If reduction of monomeric silver ion does occur, growth of the silver clusters can be terminated at an early stage [e.g., (Ag4Agn)+n and especially Ag4+2 (oxygen stable) (Henglein, 1993) by complexation with a polyacrylate polymer (Mostafavi et al., 1994; Mostafavi et al., 1994; Mostafavi et al., 1990a; 1990b). The protonated form of the polymer is less efficient in preventing growth. Stronger nucleophiles than carboxylate will displace the cluster from the polymer and permit growth. A photostable form of silver ion or small silver ion-metal clusters would be achieved by complexation of the silver ion a polymeric complexing agent that also compensates the positive charge.

Bridged pyridine compounds (Shin et al., 2003) and polyvinylpyridine (PVP) (Pappenftis et al., 2004) can form air and photostable complexes with Ag+ and Cu+ salts (Rodriguez et al., 2000). Bridged imidazole compounds can complex with Ag+ to yield fungicides (Abuskhuana et al., 2004).

Silver ion containing polymers also have utility in selective separation membranes for hydrocarbons since Ag+ selectively binds with alkenes and aromatics through a d-π complex and with amides, esters, and ethers through Lewis acid-base interactions. Very high concentrations of low lattice energy silver salts such as AgBF4, AgPF6, AgSO3CF3, or AgClO4 can be dissolved in poly(n-vinylpyrrolidone) (PNVP) and poly (2-ethyl-2-oxazoline) (PEOX) by casting a THF solution (Kim et al., 2004a). These films are susceptible to photoreduction to silver nanoparticles aided by the complexing heteroatom. Poly (2,6 dimethyl-1,4-phenylene oxide) forms complexes with low lattice energy silver salts but the diaryl ether bond is susceptible to cleavage by the complexed Ag+ ion (Kim et al., 2001).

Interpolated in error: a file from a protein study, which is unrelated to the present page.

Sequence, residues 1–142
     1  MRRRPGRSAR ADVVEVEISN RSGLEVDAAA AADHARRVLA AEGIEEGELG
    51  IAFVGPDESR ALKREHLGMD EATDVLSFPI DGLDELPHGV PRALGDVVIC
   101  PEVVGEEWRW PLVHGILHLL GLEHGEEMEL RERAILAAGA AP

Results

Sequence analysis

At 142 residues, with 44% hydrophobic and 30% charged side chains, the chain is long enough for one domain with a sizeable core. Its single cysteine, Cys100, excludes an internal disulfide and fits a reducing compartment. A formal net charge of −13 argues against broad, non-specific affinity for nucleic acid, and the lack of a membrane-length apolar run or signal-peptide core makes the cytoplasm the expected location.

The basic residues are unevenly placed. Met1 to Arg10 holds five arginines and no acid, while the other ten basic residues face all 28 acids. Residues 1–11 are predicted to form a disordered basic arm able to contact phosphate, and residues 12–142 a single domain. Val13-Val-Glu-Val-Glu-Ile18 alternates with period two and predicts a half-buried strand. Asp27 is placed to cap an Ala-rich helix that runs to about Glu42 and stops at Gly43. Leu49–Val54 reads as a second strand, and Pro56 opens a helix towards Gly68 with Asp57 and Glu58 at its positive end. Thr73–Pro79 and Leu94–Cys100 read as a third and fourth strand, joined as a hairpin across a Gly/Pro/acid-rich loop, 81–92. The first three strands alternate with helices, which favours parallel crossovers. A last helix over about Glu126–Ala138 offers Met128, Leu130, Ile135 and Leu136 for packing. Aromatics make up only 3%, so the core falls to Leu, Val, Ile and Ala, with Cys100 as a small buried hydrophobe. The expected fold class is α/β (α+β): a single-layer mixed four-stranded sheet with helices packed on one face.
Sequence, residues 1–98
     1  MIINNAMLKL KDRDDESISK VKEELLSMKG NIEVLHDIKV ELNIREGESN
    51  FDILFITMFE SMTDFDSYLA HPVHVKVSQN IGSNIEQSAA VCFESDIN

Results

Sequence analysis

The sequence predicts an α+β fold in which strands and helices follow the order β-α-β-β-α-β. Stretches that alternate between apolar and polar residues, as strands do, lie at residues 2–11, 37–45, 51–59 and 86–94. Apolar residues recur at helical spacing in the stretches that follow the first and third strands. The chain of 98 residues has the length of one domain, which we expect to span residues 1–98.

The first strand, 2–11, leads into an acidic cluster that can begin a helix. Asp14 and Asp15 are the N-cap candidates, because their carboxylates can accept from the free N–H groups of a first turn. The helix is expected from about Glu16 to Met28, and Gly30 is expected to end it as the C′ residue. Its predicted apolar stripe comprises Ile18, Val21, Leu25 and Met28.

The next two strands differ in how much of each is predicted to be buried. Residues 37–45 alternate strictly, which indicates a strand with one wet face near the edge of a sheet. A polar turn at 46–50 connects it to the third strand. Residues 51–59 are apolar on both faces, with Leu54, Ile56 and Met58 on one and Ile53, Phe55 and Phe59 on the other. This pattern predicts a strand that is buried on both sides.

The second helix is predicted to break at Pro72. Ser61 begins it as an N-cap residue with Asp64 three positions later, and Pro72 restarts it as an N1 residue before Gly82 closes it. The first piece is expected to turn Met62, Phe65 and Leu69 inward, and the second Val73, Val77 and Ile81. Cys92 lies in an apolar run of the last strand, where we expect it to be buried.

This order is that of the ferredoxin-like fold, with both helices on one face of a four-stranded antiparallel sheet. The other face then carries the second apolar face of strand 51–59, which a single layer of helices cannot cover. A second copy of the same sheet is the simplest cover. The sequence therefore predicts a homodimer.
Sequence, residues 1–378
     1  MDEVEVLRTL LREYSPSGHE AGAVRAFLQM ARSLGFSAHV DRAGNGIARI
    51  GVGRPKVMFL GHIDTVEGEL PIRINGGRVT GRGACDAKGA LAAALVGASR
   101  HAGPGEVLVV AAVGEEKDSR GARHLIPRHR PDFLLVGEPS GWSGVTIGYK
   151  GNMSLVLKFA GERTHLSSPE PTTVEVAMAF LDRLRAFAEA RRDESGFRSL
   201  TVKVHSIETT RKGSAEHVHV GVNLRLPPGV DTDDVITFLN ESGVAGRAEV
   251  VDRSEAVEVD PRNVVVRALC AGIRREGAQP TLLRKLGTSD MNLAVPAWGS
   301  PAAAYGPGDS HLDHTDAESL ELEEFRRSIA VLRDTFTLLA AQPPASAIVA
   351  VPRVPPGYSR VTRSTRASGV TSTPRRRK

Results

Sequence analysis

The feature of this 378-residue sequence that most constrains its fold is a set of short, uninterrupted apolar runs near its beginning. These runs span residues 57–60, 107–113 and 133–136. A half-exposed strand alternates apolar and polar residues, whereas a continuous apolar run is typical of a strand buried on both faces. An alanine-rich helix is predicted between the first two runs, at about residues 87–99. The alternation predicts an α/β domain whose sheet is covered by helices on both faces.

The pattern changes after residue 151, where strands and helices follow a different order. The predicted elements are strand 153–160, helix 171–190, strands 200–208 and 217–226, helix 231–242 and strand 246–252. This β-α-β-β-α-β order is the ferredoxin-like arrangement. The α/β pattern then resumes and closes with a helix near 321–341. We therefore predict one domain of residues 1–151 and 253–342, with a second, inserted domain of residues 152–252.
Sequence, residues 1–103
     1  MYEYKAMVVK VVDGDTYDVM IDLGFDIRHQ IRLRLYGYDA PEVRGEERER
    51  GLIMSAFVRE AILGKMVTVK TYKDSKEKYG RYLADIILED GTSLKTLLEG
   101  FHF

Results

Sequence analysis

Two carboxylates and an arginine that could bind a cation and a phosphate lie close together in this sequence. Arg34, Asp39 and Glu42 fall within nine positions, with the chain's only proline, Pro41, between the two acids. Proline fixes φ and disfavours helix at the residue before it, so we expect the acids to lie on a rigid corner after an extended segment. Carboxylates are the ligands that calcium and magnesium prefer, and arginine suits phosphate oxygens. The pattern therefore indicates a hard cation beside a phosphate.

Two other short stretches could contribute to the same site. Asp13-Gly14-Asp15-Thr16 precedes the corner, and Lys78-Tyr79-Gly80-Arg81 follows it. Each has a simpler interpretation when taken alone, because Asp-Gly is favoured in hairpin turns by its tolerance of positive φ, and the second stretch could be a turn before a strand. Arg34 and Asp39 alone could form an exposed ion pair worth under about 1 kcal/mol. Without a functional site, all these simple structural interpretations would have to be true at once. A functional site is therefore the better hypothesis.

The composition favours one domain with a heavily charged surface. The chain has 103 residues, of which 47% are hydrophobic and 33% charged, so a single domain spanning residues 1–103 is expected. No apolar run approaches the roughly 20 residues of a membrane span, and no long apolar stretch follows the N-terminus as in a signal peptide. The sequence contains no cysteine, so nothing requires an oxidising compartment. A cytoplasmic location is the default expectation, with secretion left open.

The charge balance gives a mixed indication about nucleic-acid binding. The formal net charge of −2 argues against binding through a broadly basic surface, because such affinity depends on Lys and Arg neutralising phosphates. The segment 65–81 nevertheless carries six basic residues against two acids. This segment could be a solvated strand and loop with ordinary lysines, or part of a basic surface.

Increased stability in PNVP has been obtained by complexing the silver ion with a combination of heteroatom and aromatic chelation using a phthalate ester monomer (Jose et al., 2001) and in neat poly (ethylene phthalate) (Kang et al., 2004). Nonionic carbohydrate surfactants such as n-octyl β-D-glucopyranoside (Park et al., 2003) function by stabilizing the surface of silver metal clusters and by a Ag+ chelation by adjacent hydroxyl groups. Zwitterionic silver complexes between Ag salts and imidazolium N-alkyl sulfonates are also photostable (Lee et al., 2004).

Silver salts can be dissolved in high mole fractions in completely apolar, hydrophobic polymers containing no heteroatoms, such as polystyrene (Kim et al., 2004b) and poly(hexamethylene vinylene) (Kim et al., 2004c). In addition the photo and thermal stability of d-π complexed Ag+ with regard to formation of silver particles is improved because of the absence of susceptible heteroatoms such as ether and amide groups.

2. Chlorine Dioxide Generated from Chlorite Anions

Chlorite ion, ClO2, and chlorine dioxide, ClO2, exhibit biocidal properties. Chlorine dioxide, the more powerful biocide of the two, can be used as an antimicrobial agent at a concentration as low as 0.1 ppm and over a wide pH range. Chlorine dioxide gas readily dissolves in water and organic materials such as lipids and thus can penetrate cell walls and cell membranes and react with vital amino acids and proteins in the cytoplasm and cell wall and membrane to exert biocidal action.

A chlorite ion, from which chlorine dioxide is generated through acidification or through photo generation using a catalyst, can be obtained from any type of chlorite salt. Non-limiting examples include alkali metal chlorites, alkaline earth metal chlorites, and any other transition metals, inner transition metal chlorites and/or polymeric salts. Examples of metal chlorites include calcium chlorite, barium chlorite, magnesium chlorite, lithium chlorite, sodium chlorite, and potassium chlorite.